Abstract

The age of the Tasman Sea basement can be roughly estimated from the 50 m.y. time constant associated with subsidence of sea floor generated by the mid-oceanic ridge. Present basement depths suggest Cretaceous age, as does sediment thickness. It is further argued that the Tasmantid Guyots, whose tops deepen systematically northward, were formed during Tertiary times by northward movement of the Australia plate over a fixed magma source in the mantle. As Antarctica was also approximately fixed with respect to the mantle, sea-floor spreading between the two continents implies that the guyots increase in age at a rate of 5.6 yr/cm from south to north. Their northward deepening then yields an average subsidence rate of 18 m per m.y. for the Tasman basement on which the seamounts were extruded. This rate again yields a Cretaceous age for the basement.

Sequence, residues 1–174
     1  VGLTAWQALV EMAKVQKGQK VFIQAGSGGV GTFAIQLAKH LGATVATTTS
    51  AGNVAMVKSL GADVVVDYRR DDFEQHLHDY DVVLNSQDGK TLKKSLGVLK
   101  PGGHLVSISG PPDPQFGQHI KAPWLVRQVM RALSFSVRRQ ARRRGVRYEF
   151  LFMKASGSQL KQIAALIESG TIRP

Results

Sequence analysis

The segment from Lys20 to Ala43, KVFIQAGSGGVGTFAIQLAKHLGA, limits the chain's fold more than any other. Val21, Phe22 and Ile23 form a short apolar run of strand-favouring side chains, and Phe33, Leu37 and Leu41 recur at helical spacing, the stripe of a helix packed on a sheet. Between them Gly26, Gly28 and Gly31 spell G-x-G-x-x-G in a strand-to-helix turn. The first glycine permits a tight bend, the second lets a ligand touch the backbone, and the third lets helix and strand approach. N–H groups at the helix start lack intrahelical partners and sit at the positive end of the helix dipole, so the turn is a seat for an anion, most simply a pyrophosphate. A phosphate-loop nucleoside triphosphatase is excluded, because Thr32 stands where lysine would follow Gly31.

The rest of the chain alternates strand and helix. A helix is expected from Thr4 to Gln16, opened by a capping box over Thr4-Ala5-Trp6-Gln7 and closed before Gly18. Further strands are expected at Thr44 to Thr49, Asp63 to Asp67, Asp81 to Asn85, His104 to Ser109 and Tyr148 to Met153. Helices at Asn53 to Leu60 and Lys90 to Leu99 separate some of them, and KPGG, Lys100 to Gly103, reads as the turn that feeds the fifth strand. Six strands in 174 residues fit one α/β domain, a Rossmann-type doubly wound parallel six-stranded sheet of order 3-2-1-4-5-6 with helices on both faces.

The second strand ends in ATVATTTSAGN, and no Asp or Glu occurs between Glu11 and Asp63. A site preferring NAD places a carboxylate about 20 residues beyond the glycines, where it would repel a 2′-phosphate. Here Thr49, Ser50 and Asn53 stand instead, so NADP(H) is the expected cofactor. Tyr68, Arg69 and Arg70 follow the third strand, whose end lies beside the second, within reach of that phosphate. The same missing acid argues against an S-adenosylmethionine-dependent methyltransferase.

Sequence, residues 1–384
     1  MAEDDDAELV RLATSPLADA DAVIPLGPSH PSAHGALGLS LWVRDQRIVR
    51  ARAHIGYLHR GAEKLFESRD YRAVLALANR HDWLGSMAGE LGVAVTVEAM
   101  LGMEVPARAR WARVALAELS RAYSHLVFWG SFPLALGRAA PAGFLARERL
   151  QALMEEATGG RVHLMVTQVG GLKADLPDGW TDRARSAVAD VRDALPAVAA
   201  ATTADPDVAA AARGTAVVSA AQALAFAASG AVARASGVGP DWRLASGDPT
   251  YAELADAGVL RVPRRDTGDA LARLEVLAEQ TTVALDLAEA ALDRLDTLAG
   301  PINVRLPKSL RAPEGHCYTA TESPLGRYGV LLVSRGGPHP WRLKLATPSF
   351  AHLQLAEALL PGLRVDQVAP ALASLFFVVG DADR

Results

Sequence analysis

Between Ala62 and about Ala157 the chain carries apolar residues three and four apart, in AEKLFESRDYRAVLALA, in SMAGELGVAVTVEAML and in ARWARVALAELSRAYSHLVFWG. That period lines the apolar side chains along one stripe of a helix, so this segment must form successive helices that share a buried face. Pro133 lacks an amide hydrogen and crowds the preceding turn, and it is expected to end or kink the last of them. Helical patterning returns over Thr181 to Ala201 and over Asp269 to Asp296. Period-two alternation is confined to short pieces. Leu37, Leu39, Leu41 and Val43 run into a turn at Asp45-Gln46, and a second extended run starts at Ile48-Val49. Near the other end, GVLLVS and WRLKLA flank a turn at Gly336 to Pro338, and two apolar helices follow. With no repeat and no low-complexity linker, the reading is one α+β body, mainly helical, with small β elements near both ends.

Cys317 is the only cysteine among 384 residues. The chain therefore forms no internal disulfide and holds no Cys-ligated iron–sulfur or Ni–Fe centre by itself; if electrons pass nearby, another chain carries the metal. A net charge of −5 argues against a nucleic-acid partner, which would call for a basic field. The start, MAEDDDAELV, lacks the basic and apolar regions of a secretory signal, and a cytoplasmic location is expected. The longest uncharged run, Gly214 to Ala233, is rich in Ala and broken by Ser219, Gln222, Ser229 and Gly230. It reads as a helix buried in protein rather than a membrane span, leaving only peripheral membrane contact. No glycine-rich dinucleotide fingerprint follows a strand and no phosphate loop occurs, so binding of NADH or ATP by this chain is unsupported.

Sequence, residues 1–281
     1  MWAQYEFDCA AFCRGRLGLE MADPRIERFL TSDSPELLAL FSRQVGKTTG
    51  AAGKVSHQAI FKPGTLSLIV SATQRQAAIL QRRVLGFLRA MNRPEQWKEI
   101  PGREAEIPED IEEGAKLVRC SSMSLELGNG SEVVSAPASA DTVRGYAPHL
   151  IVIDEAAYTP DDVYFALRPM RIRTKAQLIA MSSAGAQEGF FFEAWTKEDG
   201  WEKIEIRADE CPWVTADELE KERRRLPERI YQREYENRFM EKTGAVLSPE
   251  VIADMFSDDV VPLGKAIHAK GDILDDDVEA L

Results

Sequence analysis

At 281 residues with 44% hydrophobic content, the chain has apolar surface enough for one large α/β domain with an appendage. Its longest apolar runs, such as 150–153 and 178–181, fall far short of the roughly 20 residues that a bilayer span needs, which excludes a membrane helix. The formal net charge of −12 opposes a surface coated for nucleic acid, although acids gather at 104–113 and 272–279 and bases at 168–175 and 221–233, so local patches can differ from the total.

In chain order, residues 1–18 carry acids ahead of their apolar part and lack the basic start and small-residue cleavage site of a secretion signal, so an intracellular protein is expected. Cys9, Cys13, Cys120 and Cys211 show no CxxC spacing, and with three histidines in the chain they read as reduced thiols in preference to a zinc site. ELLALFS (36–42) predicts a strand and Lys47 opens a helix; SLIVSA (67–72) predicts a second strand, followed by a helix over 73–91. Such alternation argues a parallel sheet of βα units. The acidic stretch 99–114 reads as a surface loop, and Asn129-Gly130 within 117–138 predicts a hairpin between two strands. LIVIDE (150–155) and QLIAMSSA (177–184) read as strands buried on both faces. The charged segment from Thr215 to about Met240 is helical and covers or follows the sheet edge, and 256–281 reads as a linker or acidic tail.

Great circles constructed normal to the Tasmantid Seamount chain, and other probable volcanic lineaments reflecting movement of the Australia plate over mantle magma sources, pass near Ethiopia, not far from the Antarctica-Australia spreading pole. This result supports the hypothesis that the mantle sources are approximately fixed with respect to Antarctica.

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